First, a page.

Today’s update from soft drinks producer Barr (LSE: BAG) is rather mixed. On the one hand, the seller of Irn Bru expects results for the full year to 31 January to be in line with market expectations. However, on the other hand it reported highly challenging trading conditions in recent months that could continue into the next financial year.
For example, revenue in the fourth quarter of the year is expected to have increased by 2.5% versus the same quarter last year. Although positive, that’s around half the growth rate it reported a year ago and comes at a time when Barr is experiencing increased competition. In response, it’s seeking to manage costs more effectively and make efficiencies, with margins being in line with expectations.
Looking ahead, Barr is confident in its ability to successfully navigate the difficult market conditions that it faces. But with investor sentiment being weak following a share price fall of 16% in the last year, Barr’s price-to-earnings (P/E) ratio of 18.9 looks overly generous given its outlook.
Watch and wait?
Also posting share price declines in the last year is Whitbread (LSE: WTB), with the Premier Inn and Costa Coffee operator recording a share price decline of 21% during the period. A key reason for this is the uncertainty regarding the company’s future cost base, which is set to rise significantly as the living wage comes into being. With a large number of Whitbread’s staff being paid hourly, it could have a major impact on margins moving forward.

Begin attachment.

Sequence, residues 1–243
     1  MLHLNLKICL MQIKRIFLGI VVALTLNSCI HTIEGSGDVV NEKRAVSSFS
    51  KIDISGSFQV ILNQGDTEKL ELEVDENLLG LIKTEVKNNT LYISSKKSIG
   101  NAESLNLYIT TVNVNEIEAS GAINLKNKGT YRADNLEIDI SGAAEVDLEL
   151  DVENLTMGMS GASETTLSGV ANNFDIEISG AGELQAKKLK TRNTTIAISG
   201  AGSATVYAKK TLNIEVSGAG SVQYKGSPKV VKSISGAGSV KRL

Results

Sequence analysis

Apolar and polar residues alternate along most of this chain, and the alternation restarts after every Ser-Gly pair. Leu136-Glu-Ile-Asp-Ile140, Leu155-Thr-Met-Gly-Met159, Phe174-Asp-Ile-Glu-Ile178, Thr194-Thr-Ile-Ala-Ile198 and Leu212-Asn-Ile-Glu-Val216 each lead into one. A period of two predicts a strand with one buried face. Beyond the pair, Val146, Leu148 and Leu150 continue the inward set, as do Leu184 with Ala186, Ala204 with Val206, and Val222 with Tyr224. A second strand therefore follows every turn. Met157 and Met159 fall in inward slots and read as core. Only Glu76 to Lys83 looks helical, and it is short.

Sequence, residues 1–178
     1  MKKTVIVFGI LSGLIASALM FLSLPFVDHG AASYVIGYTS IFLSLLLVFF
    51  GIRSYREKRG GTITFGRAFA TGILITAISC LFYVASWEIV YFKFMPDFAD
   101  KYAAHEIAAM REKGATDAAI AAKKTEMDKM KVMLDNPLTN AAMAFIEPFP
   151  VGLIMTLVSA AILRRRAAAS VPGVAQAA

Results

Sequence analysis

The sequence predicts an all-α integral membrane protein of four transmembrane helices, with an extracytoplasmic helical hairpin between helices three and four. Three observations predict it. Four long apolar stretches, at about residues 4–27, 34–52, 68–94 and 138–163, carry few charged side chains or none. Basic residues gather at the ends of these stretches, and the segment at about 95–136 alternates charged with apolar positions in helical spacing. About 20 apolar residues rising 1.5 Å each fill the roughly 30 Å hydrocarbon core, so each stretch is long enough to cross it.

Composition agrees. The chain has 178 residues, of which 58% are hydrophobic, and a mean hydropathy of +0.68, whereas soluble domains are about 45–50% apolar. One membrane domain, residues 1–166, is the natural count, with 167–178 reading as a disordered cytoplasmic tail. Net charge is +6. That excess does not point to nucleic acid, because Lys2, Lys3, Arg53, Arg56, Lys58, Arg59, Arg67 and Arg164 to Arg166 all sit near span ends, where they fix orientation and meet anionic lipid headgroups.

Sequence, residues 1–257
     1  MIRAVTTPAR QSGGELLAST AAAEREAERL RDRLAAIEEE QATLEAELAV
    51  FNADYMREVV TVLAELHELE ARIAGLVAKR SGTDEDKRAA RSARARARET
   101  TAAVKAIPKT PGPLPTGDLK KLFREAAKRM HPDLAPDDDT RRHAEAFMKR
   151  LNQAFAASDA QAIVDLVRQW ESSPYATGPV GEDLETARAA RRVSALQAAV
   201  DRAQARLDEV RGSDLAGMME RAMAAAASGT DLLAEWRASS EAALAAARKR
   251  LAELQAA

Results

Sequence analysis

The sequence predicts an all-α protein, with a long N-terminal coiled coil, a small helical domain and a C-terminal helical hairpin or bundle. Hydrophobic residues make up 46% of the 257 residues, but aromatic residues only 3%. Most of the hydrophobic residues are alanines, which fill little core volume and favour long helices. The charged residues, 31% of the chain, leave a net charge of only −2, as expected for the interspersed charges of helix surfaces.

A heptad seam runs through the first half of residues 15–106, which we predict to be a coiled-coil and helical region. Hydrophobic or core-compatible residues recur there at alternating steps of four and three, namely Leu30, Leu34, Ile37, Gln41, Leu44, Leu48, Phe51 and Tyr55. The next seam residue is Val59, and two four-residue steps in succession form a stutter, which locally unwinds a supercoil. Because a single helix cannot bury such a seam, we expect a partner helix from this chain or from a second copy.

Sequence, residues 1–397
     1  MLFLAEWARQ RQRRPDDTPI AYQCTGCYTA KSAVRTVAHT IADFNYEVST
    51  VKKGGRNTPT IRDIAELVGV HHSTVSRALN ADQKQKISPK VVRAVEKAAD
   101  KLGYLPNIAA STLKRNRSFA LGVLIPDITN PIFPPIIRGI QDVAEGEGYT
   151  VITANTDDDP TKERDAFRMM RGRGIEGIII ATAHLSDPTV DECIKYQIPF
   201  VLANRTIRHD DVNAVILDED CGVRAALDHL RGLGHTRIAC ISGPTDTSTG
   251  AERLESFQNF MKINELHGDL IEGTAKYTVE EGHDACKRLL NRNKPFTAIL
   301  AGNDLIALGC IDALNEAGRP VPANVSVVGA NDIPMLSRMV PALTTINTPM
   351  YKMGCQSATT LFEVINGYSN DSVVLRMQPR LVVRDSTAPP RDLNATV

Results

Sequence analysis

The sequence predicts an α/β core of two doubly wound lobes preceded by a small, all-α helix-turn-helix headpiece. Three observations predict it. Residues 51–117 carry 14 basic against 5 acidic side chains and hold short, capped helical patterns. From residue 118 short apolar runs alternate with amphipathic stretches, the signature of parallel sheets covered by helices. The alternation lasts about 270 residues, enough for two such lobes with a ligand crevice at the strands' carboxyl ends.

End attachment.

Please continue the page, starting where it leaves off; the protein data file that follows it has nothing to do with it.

Of course, Whitbread is hoping to pass on the additional costs to consumers, but this may not work. Premier Inn is a budget hotel brand and it may lose ground compared to cheaper alternatives, while Costa Coffee may also see its sales come under pressure if prices rise too quickly. With Whitbread trading on a price-to-earnings growth (PEG) ratio of 1.5 it does hold appeal, but may be worth watching rather than buying.
Meanwhile, HSBC’s (LSE: HSBA) share price has continued to fall in 2016 after a disappointing 2015. It’s now down by 20% during the two periods and further falls are very realistic in the short run. That’s because Chinese growth rates are continuing to fall and with HSBC having a major exposure to the Asian economy, investor sentiment could come under further pressure.
However, in the long run HSBC has considerable turnaround potential. That’s because, as China becomes a more consumer-focused economy, its demand for credit will increase. And with HSBC being in a prime position to offer credit, its bottom line could soar. Furthermore, with HSBC recently reporting that its cost saving initiatives are on track, its financial outlook is set to improve. With its shares trading on a P/E ratio of only 9.7, there’s tremendous upward rerating potential.